Al-Halkawi, who has been ill for the past few months, died this week after Egyptian authorities refused to allow her to enter their country for medical treatment.

She and hundreds of Palestinian patients have been unable to leave the Gaza Strip due to the continued closure of the Rafah border crossing. The Egyptian authorities closed the terminal about a month ago after a terror attack in Sinai that claimed the lives of 30 soldiers.

One day after the girl from the Gaza Strip passed away, the Egyptians finally reopened the border crossing for only two days to allow stranded Palestinians on the Egyptian side to return home. Thousands of Palestinians have been waiting for the past four months for the Egyptians to reopen the terminal so that they could enter the Gaza Strip.

Speaking to reporters upon their return to the Gaza Strip, some of the Palestinians voiced outrage over their mistreatment at the hands of the Egyptians.

“The rockets that were falling on us were easier for us than the treatment of the Egyptians,” one woman said.

Another woman, Hind Shaheen, said she left the Gaza Strip several months ago to receive medical treatment for cancer. She had been forced to wait for the past 40 days at the Egyptians side of the border before returning home. During this time, she was deprived of the medical treatment she needs for her cancer.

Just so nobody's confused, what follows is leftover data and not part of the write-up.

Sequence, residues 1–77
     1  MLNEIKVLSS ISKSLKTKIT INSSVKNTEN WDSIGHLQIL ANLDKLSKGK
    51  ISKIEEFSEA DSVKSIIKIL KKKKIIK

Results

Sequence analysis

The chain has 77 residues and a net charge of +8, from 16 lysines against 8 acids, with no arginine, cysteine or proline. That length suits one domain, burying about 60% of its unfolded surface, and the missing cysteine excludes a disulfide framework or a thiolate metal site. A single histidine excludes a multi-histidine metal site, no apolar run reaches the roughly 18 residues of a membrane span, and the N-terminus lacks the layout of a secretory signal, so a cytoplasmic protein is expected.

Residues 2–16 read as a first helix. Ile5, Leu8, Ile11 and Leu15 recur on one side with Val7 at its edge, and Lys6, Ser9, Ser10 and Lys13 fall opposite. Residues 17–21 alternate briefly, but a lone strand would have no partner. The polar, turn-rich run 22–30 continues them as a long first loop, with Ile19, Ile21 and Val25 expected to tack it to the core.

Shaheen said that the stranded Palestinians were left by the Egyptians without food, money or water.

“The situation there is very serious,” she added, referring to the Egyptian aide of the border. “People were more afraid there than they were during the last war in the Gaza Strip. The Egyptians want the Palestinians to die.”

Others said they were subjected to strict restrictions, including night curfews. “The Egyptians treated each one of us as if we were terrorists,” said an elderly man who was among the lucky ones allowed to cross the border back into the Gaza Strip.

But for the little girl from the Gaza Strip who passed way this week, the partial reopening of the Rafah border crossing came too late.

Her relatives say that tensions between Hamas and Fatah also denied her the chance to receive medical treatment in an Israeli hospital. They claim that the Palestinian Authority in Ramallah turned down a request from Hamas to intervene with Israeli authorities to issue a permit for al-Halkawi to be admitted to an Israeli hospital.

Many other cancer patients from the Gaza Strip are likely to meet the same fate as the little girl due to Egypt’s continued closure of the Rafah border crossing and ongoing tensions between Mahmoud Abbas’s Fatah faction and Hamas. They are also victims of long-term emotional detachment and apathy of the Arabs toward their Palestinian brethren.

While the Egyptians continue to seal off their border with the Gaza Strip, Israel has become the only hope for the 1.7 million Palestinians living there.

In the period between November 18 and 23, some 2,966 crossed the Erez border crossing with Israel in both directions, according to the Israeli Ministry of Defense’s Coordination of Government Activities in the Territories.

The Erez border crossing between Israel and Gaza. (Image source: Wikimedia Commons)